NGS Banner

Connect with our NGS experts today

Want to download this as a PDF? Download now



For the detection of copy number variation (CNV), DNA microarrays are viewed as the ‘gold standard’. The use of array comparative genomic hybridisation (aCGH) has been particularly effective in detecting CNVs within DNA samples from individuals with intellectual disability (ID) and developmental delay (DD). This has resulted in the detection of novel syndromes which were previously undetectable1. In order to further facilitate cytogenetics research, specific microarrays, such as the CytoSure® Constitutional v3 array, have been developed. These microarrays have an enhanced probe coverage for genes of interest as well as probes regularly spaced throughout the genome to detect larger CNVs on the genomic backbone.

Next Generation Sequencing (NGS) has become a revolutionary technology for the analysis of ID and DD samples, having the advantage of being able to detect single nucleotide variations (SNVs) and small insertions and deletions (indels) simultaneously within many genes. However, the ability of NGS to call small CNVs is still not routine and robust. In order to facilitate the transition of small (as low as single exon) CNV calling to NGS from arrays, appropriate capture panel design and improved software are both required.

OGT, with its world-leading probe design and software capabilities, is well placed to meet this need. We have designed an NGS assay and analysis software that is able to detect large and small CNVs with the same precision and sensitivity as microarrays, as well as providing SNV and Indel calling.

The CytoSure Constitutional NGS assay is a hybridisation-based method to capture specific regions of the genome. These regions are:

  • Over 700 genes implicated in ID and DD at the single exon level – to detect SNV/Indels within the genes and UTRs as well as small intragenic CNVs.
  • Nucleotides flanking target genes, up to 35 base pairs from the exons to capture splice site variants.
  • Extensive backbone baits spaced throughout the genome – to detect large CNVs and stretches of loss of heterozygosity (LOH).

Like OGT’s CytoSure Constitutional arrays, the gene list has been developed with input from the ClinGen database and the Deciphering Developmental Disorders project, as well as leading Cytogeneticists. In addition to the targeted gene/exon regions, there are 28,641 backbone baits which are spaced according to the priority regions in the genome and provide an estimated CNV resolution of 189kb in high priority areas and a LOH resolution of 5Mb in the non-targeted region.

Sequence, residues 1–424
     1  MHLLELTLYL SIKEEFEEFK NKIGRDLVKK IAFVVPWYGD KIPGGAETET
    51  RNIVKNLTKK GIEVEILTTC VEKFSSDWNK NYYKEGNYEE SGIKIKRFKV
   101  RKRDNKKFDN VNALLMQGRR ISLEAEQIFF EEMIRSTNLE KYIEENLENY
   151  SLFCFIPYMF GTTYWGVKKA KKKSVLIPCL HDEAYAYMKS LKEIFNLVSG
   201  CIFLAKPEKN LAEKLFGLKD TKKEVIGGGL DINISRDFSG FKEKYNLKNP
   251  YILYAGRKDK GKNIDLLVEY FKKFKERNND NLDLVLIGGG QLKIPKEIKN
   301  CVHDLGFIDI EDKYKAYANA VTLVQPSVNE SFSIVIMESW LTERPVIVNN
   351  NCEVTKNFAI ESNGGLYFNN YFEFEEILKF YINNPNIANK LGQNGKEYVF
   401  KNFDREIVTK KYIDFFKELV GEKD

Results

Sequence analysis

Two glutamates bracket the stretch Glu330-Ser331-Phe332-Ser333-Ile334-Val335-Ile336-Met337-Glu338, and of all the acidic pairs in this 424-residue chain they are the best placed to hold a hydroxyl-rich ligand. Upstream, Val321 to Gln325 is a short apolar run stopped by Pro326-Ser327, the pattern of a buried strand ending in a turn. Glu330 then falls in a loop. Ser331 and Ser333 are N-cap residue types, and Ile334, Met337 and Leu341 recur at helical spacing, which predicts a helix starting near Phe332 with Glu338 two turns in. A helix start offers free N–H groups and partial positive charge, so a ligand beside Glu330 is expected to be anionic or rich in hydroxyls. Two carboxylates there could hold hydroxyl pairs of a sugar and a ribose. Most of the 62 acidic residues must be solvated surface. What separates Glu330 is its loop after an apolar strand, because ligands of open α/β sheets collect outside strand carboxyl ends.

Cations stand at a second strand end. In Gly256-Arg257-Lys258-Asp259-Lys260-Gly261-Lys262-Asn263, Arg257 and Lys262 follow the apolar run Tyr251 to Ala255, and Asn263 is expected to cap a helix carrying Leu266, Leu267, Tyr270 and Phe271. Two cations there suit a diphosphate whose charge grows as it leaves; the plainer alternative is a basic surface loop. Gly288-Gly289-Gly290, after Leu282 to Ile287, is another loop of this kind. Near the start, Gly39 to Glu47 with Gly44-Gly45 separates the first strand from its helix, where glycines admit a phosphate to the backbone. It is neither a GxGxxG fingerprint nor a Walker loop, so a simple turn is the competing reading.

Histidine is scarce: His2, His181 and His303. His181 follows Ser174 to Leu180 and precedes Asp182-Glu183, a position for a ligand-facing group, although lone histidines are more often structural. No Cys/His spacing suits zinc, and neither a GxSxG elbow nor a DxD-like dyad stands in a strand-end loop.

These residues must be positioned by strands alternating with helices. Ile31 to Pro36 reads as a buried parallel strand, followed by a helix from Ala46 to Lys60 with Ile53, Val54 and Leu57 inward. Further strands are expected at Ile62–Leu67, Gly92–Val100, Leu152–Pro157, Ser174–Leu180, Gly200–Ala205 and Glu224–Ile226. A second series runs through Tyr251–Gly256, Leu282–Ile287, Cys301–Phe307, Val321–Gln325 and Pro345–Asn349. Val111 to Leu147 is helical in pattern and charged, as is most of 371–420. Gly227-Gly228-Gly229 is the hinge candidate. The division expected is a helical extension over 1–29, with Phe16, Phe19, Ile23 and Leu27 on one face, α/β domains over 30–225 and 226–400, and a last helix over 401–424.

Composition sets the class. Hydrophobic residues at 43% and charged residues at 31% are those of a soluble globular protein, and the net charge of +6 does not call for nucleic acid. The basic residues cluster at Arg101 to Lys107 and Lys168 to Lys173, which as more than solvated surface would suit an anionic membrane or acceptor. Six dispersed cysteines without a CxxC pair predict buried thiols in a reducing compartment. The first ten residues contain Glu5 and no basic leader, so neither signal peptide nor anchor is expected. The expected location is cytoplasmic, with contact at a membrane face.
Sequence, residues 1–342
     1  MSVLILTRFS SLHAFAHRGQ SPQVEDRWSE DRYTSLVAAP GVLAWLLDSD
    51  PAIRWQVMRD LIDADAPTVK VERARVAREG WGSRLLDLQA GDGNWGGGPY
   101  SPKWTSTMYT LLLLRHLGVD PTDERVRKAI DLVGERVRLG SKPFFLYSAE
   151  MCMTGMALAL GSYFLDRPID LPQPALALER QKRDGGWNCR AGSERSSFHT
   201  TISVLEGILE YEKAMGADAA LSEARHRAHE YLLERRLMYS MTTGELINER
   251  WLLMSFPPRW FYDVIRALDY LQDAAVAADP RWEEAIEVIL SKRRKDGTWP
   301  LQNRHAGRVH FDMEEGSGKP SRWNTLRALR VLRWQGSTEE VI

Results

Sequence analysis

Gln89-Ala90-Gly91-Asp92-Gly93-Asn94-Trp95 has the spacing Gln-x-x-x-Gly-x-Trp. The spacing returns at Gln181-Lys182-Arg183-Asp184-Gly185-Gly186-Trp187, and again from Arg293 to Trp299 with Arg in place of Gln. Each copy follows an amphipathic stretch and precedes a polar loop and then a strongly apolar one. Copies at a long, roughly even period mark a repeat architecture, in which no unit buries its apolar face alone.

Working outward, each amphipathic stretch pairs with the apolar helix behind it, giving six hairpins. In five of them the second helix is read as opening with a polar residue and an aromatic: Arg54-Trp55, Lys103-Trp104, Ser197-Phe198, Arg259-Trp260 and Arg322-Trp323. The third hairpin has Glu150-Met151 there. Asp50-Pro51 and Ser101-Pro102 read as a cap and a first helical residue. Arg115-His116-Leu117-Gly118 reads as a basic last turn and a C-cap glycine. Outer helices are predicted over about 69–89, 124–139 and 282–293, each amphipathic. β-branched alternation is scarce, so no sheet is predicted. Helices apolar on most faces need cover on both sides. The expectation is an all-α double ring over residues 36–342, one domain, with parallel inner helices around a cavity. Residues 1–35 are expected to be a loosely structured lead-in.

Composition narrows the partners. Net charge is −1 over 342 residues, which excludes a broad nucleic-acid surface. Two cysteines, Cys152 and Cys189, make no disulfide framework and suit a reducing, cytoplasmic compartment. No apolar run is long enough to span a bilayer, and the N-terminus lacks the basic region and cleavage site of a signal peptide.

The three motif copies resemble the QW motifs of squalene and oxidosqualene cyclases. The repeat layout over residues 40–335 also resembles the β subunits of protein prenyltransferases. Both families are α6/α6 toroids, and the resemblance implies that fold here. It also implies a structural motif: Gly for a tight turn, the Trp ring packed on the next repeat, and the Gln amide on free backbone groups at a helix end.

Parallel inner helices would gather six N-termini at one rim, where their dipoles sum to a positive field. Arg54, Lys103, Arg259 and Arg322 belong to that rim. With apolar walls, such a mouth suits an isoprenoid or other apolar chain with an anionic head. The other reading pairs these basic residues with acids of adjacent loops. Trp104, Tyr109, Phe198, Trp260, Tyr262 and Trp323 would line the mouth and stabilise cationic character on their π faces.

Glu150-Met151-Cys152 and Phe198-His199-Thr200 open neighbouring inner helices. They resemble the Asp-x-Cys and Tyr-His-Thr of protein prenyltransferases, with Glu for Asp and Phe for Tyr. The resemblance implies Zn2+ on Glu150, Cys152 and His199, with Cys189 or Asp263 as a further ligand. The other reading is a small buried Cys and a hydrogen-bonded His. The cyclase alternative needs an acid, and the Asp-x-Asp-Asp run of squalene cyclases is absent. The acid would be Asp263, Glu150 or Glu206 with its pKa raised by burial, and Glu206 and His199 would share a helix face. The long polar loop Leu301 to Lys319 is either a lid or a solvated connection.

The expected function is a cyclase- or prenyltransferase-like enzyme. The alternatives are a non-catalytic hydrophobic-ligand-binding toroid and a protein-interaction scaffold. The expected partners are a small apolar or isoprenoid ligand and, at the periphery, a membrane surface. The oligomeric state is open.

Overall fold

This technical note compares performance of CytoSure Constitutional NGS and a range of microarrays for 255 research samples processed in three independent laboratories and OGT.


Experimental outline

OGT’s comprehensive library preparation kit provides all the components required for the CytoSure NGS workflow (Figure 1). The initial library preparation step involves the ligation of adaptors to fragmented DNA followed by a PCR step. Following the first stage of library preparation, samples are pooled into sets of 8 to allow better handling, and the baits are hybridised to the libraries and then washed to remove non-specific DNA, leaving just the DNA of interest. After a second PCR, the prepared libraries are ready for sequencing. Samples can then be sequenced, either 24 on the Illumina® High Output NextSeq or larger sample numbers on the NovaSeq.

The resulting FASTQ files generated from the sequencer are aligned using the OGT Interpret software. As well as providing comprehensive QC metrics on the performance of the run, the software provides the complete analytical pipeline to investigate CNVs, LOH, Indels and SNVs.

In this study OGT investigated samples from three independent collaborators to determine the performance of the CytoSure NGS assay in CNV, LOH, SNV and Indel detection. The results were compared to those obtained with alternative technologies e.g. microarrays, NGS targeted panels and whole exome panels.

Overview of the laboratory and data analysis workflowFigure 1: CytoSure NGS workflow 


Data analysis

OGT’s Interpret software is a state-of-the-art analytical pipeline that includes a proprietary CNV calling algorithm. This analytical pipeline enables the calling of CNVs, LOH, SNVs and Indels and presents the information in a user-friendly interface. The software allows the user to set a customisable analysis protocol, but is provided with a default protocol as standard. In this study the default protocol within the software was used. Interpret has been designed to allow a great deal of flexibility and dynamic filtering - the filtering protocol employed in this study is illustrated in Figure 2.

In order to call CNVs, the OGT software requires a set of samples that do not have large CNVs to be used as a reference. Interpret calculates the ratio between the sample read counts and the reference read counts and a threshold is applied to call the CNV.